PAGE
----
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Investment Strategies

All Asset All Access: Positioning Portfolios for Ongoing Inflationary Pressures

Research Affiliates discusses their near-term inflation views and the implications for the All Asset investment portfolios.
  • U.S. inflation is already at multi-decade highs. At Research Affiliates, we believe it could rise further before it recedes as we worry Fed policy can rein in this inflation, but only by crushing demand, and always with a lag.
  • An uptick in inflation expectations likely bodes well for the diversifying and inflation-sensitive “Third Pillar” markets (real assets, high yield bonds, and emerging markets) emphasized by the All Asset funds.
  • In 2022, dramatic headline inflation and hawkish Fed moves helped spur dramatic drawdowns across most risk markets. At Research Affiliates, we’ve sought to mitigate much of the broad market damage as we’ve tactically repositioned the All Asset portfolios into what we believe are increasingly attractive areas.

Rob Arnott, chairman of Research Affiliates, explains their inflation outlook and why they are cautious about conventional views on inflation. Brandon Kunz, head of multi-asset solution distribution at Research Affiliates, discusses how the All Asset strategies have historically performed well after notable periods of drawdown. As always, their insights represent Research Affiliates’ views in the context of the PIMCO All Asset and All Asset All Authority funds. All Asset All Access is published quarterly.

Views expressed here are from Research Affiliates as of 24 June 2022. U.S. inflation data discussed is through 31 May 2022.

Q: With consumer prices recently hitting a fresh 40-year high, what is Research Affiliates’ near-term outlook on U.S. inflation?

Arnott: As we have discussed in past editions of All Asset All Access, Research Affiliates is on the record stating our forecast that inflation will surge. To the shock of many, the U.S. CPI (Consumer Price Index) headline reading hit a new 40-year high in May 2022, topping economists’ estimates. Even from these high levels, we expect near-term annualized inflation to rise further before it recedes. We see two reasons for this. Firstly, as we at Research Affiliates have argued for months, shelter – which constitutes roughly one-third of CPI – has to rise sharply to catch up with soaring property values. Secondly, during the summer months, incoming CPI data will replace relatively low inflation months from 2021, so inflation readings will almost certainly rise further.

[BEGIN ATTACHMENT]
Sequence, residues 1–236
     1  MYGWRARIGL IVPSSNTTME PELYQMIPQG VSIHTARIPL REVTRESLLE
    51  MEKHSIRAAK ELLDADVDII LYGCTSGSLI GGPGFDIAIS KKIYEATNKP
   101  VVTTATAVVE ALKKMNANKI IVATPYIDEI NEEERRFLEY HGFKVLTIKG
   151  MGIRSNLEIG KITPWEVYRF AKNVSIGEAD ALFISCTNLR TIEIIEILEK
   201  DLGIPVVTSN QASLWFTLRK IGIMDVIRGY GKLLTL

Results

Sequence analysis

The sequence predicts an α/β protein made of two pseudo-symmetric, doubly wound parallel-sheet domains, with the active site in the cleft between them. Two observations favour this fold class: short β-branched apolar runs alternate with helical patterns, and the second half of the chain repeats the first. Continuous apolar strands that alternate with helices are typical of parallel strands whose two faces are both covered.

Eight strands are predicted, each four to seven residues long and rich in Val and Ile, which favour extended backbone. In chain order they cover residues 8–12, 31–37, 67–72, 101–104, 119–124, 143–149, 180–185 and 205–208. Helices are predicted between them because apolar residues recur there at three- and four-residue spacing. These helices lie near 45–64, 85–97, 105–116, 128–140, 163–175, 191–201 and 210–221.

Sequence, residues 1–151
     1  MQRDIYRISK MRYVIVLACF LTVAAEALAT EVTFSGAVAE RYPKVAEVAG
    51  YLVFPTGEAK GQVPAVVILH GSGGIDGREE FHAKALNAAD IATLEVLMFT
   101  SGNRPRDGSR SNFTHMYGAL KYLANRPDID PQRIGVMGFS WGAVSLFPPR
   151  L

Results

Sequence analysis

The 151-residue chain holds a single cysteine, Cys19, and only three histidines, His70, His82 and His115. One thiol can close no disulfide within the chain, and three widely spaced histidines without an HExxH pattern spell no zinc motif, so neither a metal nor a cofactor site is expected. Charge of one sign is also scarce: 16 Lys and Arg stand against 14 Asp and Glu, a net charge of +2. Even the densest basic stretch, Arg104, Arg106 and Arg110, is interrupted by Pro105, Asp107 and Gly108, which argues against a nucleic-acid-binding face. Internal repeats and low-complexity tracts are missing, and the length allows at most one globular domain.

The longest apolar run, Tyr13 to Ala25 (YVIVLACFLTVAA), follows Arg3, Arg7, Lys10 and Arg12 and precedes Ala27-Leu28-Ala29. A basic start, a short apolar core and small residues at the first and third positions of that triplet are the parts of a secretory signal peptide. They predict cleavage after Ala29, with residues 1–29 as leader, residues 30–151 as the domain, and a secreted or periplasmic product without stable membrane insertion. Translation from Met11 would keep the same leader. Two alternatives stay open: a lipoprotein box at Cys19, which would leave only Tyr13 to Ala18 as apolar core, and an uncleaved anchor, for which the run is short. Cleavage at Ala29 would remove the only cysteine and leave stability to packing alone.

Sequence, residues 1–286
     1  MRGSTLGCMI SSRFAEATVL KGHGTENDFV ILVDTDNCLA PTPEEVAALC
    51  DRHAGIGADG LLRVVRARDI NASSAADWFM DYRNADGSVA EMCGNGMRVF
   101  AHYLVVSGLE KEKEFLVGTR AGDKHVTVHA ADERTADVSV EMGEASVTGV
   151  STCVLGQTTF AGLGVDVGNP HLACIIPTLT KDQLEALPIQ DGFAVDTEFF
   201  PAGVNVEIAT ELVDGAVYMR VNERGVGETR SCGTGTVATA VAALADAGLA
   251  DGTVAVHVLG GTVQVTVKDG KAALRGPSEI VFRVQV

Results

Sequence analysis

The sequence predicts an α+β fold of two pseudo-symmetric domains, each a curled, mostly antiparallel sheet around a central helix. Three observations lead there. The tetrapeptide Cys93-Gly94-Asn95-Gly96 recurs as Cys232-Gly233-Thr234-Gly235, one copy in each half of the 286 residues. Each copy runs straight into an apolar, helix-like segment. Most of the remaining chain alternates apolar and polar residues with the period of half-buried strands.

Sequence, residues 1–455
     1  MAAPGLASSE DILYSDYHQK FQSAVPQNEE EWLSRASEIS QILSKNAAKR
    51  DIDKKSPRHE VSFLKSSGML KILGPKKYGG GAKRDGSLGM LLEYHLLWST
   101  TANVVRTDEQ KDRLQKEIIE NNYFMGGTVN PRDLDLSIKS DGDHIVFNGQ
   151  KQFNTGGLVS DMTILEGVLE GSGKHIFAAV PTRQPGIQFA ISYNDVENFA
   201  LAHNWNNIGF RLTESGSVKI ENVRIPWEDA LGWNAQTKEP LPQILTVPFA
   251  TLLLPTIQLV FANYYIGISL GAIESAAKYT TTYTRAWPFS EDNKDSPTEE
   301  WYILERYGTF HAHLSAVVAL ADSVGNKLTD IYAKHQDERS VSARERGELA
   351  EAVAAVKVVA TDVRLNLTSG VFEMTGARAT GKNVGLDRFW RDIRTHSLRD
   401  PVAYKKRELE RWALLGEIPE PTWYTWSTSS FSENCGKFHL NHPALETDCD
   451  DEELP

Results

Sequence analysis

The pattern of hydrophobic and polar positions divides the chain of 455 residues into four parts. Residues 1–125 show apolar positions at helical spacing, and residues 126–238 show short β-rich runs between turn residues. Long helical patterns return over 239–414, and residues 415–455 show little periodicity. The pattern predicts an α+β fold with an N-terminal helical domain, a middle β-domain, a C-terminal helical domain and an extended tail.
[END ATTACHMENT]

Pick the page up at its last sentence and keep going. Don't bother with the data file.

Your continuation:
Digging deeper into Research Affiliates’ view: Shelter has two main components, owners’ equivalent rent (OER) and rent of primary residence (RPR). Both are smoothed and lagged, by design. In May 2022, shelter was the single largest contributor to the CPI increase, climbing 5.5% from a year earlier, the greatest annual increase since 1987. With 8.6% headline inflation, why is 5.5% a problem? OER is based on survey data, and homeowners are generally behind the curve on the rental value of their homes – they tend to anchor on previous estimates. So, when home prices soar or tank, it can take years for OER to catch up.

To a lesser extent, RPR is smoothed and lagged. Surveyors ask renters how much they are paying, and what the change has been in the prior 6–12 months. But only renters who have renewed their leases recently will have experienced the recent surge in rental pricing. Many leases were priced in past years; these renters are probably in for a rude awakening when they renew.

We expect it to get worse. Research Affiliates forecasts OER to rise over the next three years by 6% to 9% per year, and RPR to play catch-up, rising as much as 10% in the next 12 months. As shelter determines about one-third of U.S. CPI, and current year-over-year (YOY) home price appreciation tends to drive subsequent three-year rises in the OER, we expect shelter to show high-single-digit overall inflation for the balance of this year and next, possibly continuing into 2024. Only a deep recession would – in Research Affiliates’ view – rein this in.

It bears mention that the rate of reported inflation is affected by what’s called the “base effect,” as changes are measured against the year-ago number or base. Even so, when we apply various assumptions to forecast potential paths of U.S. CPI (i.e., 1-, 3-, and 10-year historical trailing month-over-month averages), we find the projected range of CPI outcomes by year-end 2022 remains worryingly high. Cast your eyes on Figure 1, and you will notice that a trailing 3-year assumption suggests that by year-end CPI may rise by 8.5% YOY, and a trailing 1-year assumption implies a YOY increase of 10.8%!

Figure 1 is a line chart depicting headline U.S. CPI (Consumer Price Index) inflation as a year-over-year percentage from June 2017 through May 2022. The index hovered around 2% until the pandemic-induced plunge near zero in the first half of 2020, then began climbing and reached 8.6% in May 2022. From there, two dotted-line projections show possible forecasts for year-end 2022: the trailing 1-year month-over-month average suggests inflation could reach 10.8%, while the trailing 3-year month-over-month average suggests inflation would be at 8.5%.